Kitchen Bitch

Cooking in the Kitchen with Sass & Class

An Italian Dish That Jumps in Your Mouth September 10, 2010

Filed under: Beef,Italian,Veal — thekitchenbitch @ 11:29 AM
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Veal Saltimbocca

It’s an Italian kind of week here at Kitchen Bitch. We started off with that stunning Caprese Salad earlier this week, and we’re moving on to my all-time favorite Italian main course, Saltimbocca alla Romana or veal saltimbocca.

Saltimbocca literally translates to “jumps in the mouth,” and that’s exactly what this dish does. The tender veal, salty prosciutto, peppery sage, Parmesan cheese and white wine sauce produce an unbelievable explosion of flavor in your mouth. Between chews and swallows all I could hear at the dinner table was, “Wow, Mavis, this is amazing!” My family was still talking about this meal a few days later, if that tells you how good it is.

This recipe is pretty easy to make, too. If you’re not inclined to eat veal or are on a budget, chicken is a great substitute. Simply purchase chicken scaloppine (thinly sliced chicken) or pound chicken breasts flat with a meat mallet to uniform thickness, about ¼-in. Then lightly coat the scaloppine with flour, secure a sage leaf and prosciutto slice on each scallop, and sauté until golden brown and delicious. Remove scaloppine from pan, add some white wine and sage leaves, scrape up the brown bits and reduce. Voila! You have an amazing sauce for your perfectly cooked veal saltimbocca.

If you’ve got some big eaters in your family like I do, be sure to make a few extra scaloppine for those who want (or need) seconds. I served this with a Lemon-Arugula Pasta—look for it next week on Kitchen Bitch.

What’s your favorite Italian main course? Any Italian secondi (second-course dishes) you’d like to see featured on KB? Post your thoughts in the comments section.

Veal Saltimbocca
This recipe is adapted from Julee Rosso and Sheila Lukins, authors of classics like The New Basics Cookbook and The Silver Palate Cookbook. If you can’t find veal, chicken is a good substitute.Don’t forget to remove the toothpicks before serving. Click here for a print copy of this recipe.

½ c. unbleached all-purpose flour for dusting
½ tsp. garlic powder
Pinch of cayenne
Freshly ground pepper
4 veal scallops, pounded thin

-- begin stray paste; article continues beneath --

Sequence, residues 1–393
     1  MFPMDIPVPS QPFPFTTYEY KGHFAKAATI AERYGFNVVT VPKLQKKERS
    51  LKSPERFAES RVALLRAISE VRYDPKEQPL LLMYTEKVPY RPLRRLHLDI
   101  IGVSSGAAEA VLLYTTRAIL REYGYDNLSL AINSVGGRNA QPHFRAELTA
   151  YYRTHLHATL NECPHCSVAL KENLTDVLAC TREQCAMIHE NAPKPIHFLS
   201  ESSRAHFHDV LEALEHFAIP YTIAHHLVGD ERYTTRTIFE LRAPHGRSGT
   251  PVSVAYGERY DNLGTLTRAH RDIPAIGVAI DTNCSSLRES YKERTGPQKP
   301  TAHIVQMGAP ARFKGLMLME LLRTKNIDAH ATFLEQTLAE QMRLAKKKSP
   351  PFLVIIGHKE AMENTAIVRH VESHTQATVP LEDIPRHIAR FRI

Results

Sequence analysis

4 thin slices of prosciutto
8 fresh sage leaves
4 Tbs. unsalted butter, divided
¼ c. Parmesan cheese
1/3 c. dry Italian white wine
1 tsp. minced fresh sage leaves
Special equipment: Toothpicks

Prepare veal. Preheat oven to 375˚F. Combine flour, garlic powder and cayenne in a pie dish or other wide vessel, and season liberally with salt and pepper. Lay one slice of prosciutto on each veal scallop and lay a few bay leaves on each piece of prosciutto. Weave a toothpick in and out of the veal to secure the prosciutto and sage. Dust the scallops with flour, shaking off any excess.

Cook veal. Melt the 2 tablespoons of butter in a large skillet. Lay the veal in the pan prosciutto-side down and cook over medium-high heat until lightly browned, about 1 minute per side. Transfer the scallops to a rimmed baking sheet or shallow pan and reserve skillet. Sprinkle the cheese over the veal. Bake until cooked through, 3-5 minutes.

The prepared Saltimbocca ready to be sauted.

Make sauce. Meanwhile, add the wine to the skillet and cook over high heat, scraping up any brown bits, until reduced to 3 tablespoons, about 2 minutes. Then lower the heat and swirl in the remaining 2 tablespoons butter and minced sage. Arrange the veal on a platter, pour the sauce over, and serve immediately.

Veal Saltimbocca with Lemon-Arugula Pasta


5 Responses to “An Italian Dish That Jumps in Your Mouth”

  1. One of my favorite dishes!

  2. Beth Says:

    Wow that dish looks awesome and I don’t even eat veal!

  3. […] the chicken liver pate for crostini, we also made the farm-fresh egg ravioli pictured above, saltimbocca alla Romana, aka pan-fried veal with sage, prosciutto and white-wine pan sauce, and Vanilla-Ginger Creme […]

  4. […] you know, I absolutely love veal (remember this post?), but veal stew meat can be hard to come by, at least here in Cincy. I simply called Eckerlin […]

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